Umbilical cord blood has been shown to have many health benefits to your newborn, your family, and to future patients in need of a stem cell transplant. Therefore it’s important to understand your options for taking advantage of this once-in-a-lifetime decision of what to do with your newborn’s cord blood.
As you begin think about your birth plan, delayed cord clamping will be something on your radar screen as part of your third stage of labor. So will cord blood banking. Both take advantage of the health benefits of cord blood. Therefore, the questions many expectant mothers ask is “Can I delay cord clamping and still bank my child’s cord blood?
The answer is…it’s complicated. Research is still being conducted on the risks and benefits of delayed cord clamping and its impact on cord blood banking. As always, it’s best to talk to your physician about what’s right for you. Here we share some background information that may be helpful in thinking about your choices.
What is delayed cord clamping?
Delayed cord clamping is a short wait between the delivery of your newborn and the clamping of their umbilical cord. As a result, more of the residual blood in the umbilical cord transfers to your newborn.
What are the benefits?
The World Health Organization (WHO) recommends delaying cord clamping to reduce the risk of postpartum hemorrhage. There is also evidence that delaying cord clamping in healthy newborns increases the iron available for healthy brain development later in life.
Delayed cord clamping may have significant benefits for premature and underweight babies. For example, it can result in better blood pressure immediately after birth and less medication needed to maintain blood pressure. With delayed cord clamping, premature babies need fewer blood transfusions and are at a lower risk for serious health conditions, such as bleeding into the brain and necrotizing enterocolitis, a critical bowel injury.
Are there any risks?
With delayed cord clamping, there is a small increase in the incidence of jaundice, a potentially serious condition resulting from the breakdown of extra blood cells. Another concern is that delayed clamping could result in an excess of red blood cells, which might slow circulation.
In addition, the World Health Organization does not endorse delaying cord clamping for newborns and premature infants who require assistance with breathing using positive-pressure ventilation.
How long to delay cord clamping?
For healthy newborns, the American College of Obstetricians and Gynecologists recommends a delay of at least 30–60 seconds after birth. The World Health Organization recommends a delay in cord clamping of at least one minute. These times could be significantly longer for preterm infants with low to very low birth weight. Depending on the circumstances, recommended delays can be as much as five minutes.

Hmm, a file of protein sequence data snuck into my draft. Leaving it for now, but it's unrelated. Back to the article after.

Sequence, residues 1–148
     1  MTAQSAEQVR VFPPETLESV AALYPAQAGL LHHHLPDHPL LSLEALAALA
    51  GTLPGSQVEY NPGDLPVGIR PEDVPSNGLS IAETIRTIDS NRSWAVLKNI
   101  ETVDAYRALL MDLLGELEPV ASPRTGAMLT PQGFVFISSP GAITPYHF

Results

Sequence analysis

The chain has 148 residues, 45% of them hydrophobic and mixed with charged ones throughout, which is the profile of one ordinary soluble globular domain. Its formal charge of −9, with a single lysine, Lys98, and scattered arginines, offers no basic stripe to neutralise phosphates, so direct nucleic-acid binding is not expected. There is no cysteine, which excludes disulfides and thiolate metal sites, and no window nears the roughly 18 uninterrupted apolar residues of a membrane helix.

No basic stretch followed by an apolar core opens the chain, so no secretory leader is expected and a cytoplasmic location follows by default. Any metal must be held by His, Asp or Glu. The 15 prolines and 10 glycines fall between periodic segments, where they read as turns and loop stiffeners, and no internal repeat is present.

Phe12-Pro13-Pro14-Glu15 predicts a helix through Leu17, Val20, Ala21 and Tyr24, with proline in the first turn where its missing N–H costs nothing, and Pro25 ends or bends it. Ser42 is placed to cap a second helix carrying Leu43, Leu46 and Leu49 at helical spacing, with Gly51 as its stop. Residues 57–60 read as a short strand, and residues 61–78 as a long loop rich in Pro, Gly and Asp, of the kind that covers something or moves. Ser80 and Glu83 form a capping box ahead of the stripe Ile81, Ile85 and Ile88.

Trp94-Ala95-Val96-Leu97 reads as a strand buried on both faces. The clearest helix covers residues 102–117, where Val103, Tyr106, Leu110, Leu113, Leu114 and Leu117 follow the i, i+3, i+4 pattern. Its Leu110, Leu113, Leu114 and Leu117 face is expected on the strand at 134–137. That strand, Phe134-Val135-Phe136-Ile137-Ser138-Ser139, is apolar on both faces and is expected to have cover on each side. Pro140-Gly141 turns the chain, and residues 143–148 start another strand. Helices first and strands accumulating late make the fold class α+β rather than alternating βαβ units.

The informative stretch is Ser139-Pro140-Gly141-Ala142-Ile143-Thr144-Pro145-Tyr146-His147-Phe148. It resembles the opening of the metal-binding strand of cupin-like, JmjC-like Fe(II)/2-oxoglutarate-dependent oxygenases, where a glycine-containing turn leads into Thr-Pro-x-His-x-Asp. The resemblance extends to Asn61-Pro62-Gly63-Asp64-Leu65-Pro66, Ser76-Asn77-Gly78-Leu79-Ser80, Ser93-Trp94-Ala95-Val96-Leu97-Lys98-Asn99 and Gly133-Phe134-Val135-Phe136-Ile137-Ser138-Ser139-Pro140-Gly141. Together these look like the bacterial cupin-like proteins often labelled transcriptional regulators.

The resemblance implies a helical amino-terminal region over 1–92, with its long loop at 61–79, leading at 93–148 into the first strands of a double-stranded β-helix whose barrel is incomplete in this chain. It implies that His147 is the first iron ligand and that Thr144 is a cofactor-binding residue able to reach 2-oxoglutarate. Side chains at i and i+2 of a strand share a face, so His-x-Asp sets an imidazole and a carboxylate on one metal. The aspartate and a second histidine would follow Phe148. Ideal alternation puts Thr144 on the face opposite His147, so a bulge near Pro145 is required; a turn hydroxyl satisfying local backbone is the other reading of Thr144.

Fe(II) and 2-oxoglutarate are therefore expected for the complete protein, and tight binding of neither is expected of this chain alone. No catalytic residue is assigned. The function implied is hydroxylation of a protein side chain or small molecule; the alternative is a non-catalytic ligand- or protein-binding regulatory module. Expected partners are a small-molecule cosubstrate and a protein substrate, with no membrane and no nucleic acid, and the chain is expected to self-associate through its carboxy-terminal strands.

Can I store my child’s cord blood if I delay cord clamping?
There is definitely a trade-off between delaying cord clamping and storing your child’s cord blood. Here’s why. As more cord blood transfers to your newborn during childbirth, less is available to store or donate for future use.
Successful cord blood collections rely on having enough blood volume to extract an adequate number of stem cells (known as total nucleated cells or TNCs) for a successful future transfusion. In fact, studies indicate that a delay in cord clamping of 30 to 60 seconds has a small negative impact on collection of high-TNC-count cord blood units. Importantly, delaying cord clamping beyond 60 seconds drastically reduces the chances of obtaining clinically useful cord blood units.
For a cord blood unit to have an effective potential use as a transplant product, the collected number of nucleated cells must be very high, typically over 1 billion cells. The higher the collection volume of cord blood, the more cells are available for banking for future use. The longer the delay before clamping the cord, the less cord blood volume available for collection (and therefore banking). Importantly, once you decide to delay cord clamping, you should also consider how to maximize the cord blood collection volume. With proper training and planning, a short delay in clamping can yield an adequate collection volume with sufficient cells for banking.
Should you wish to delay cord clamping, Cord for Life® is available to discuss your best options for private banking and public donation. Our goal is to support the best outcomes for your family and other in need of a cord blood transplant.
- NIH Impact of delayed umbilical cord clamping on public cord blood donations: can we help future patients and benefit infant donors?
- NIH: Science Update: Delayed Cord clamping may benefit infant brain development, NIH-funded study finds.
- NCBI: Delayed Cord Clamping in Very Preterm Infants Reduces the Incidence of Intraventricular Hemorrhage and Late-Onset Sepsis: A Randomized, Controlled Trial.
- NCBI: Transfusion. 2018 Jun;58(6):1427-1433. doi: 10.1111/trf.14574. Epub 2018 Mar 25.
- American College of Obstetricians and Gynecologists. Delayed Umbilical Cord Clamping After Birth.
- American Pregnancy Association. Delayed Cord Clamping: The Benefits and Risks.
- WHO Optimal timing of cord clamping for the prevention of iron deficiency anemia in infants
- Guideline: Delayed umbilical cord clamping for improved maternal and infant health and nutrition outcomes. Geneva, World Health Organization; 2014.
- Guidelines on basic newborn resuscitation. Geneva, World Health Organization; 2012.
- WHO recommendations for the prevention and treatment of postpartum hemorrhage; 2012.